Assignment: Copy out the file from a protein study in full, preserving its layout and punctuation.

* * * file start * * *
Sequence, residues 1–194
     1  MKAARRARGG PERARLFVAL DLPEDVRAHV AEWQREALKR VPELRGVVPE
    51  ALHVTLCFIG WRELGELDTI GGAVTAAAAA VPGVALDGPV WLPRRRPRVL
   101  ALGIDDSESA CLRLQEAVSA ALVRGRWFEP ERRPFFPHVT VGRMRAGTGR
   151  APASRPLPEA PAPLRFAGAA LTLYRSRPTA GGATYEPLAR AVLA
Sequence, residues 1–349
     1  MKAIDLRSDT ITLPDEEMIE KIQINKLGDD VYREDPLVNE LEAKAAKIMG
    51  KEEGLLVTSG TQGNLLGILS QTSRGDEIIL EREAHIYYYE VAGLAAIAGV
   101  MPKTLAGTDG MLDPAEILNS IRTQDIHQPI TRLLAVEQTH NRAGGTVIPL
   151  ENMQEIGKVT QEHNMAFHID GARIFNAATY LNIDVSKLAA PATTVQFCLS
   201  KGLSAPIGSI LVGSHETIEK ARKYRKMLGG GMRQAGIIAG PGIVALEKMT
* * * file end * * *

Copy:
Sequence, residues 1–194
     1  MKAARRARGG PERARLFVAL DLPEDVRAHV AEWQREALKR VPELRGVVPE
    51  ALHVTLCFIG WRELGELDTI GGAVTAAAAA VPGVALDGPV WLPRRRPRVL
   101  ALGIDDSESA CLRLQEAVSA ALVRGRWFEP ERRPFFPHVT VGRMRAGTGR
   151  APASRPLPEA PAPLRFAGAA LTLYRSRPTA GGATYEPLAR AVLA
Sequence, residues 1–349
     1  MKAIDLRSDT ITLPDEEMIE KIQINKLGDD VYREDPLVNE LEAKAAKIMG
    51  KEEGLLVTSG TQGNLLGILS QTSRGDEIIL EREAHIYYYE VAGLAAIAGV
   101  MPKTLAGTDG MLDPAEILNS IRTQDIHQPI TRLLAVEQTH NRAGGTVIPL
   151  ENMQEIGKVT QEHNMAFHID GARIFNAATY LNIDVSKLAA PATTVQFCLS
   201  KGLSAPIGSI LVGSHETIEK ARKYRKMLGG GMRQAGIIAG PGIVALEKMT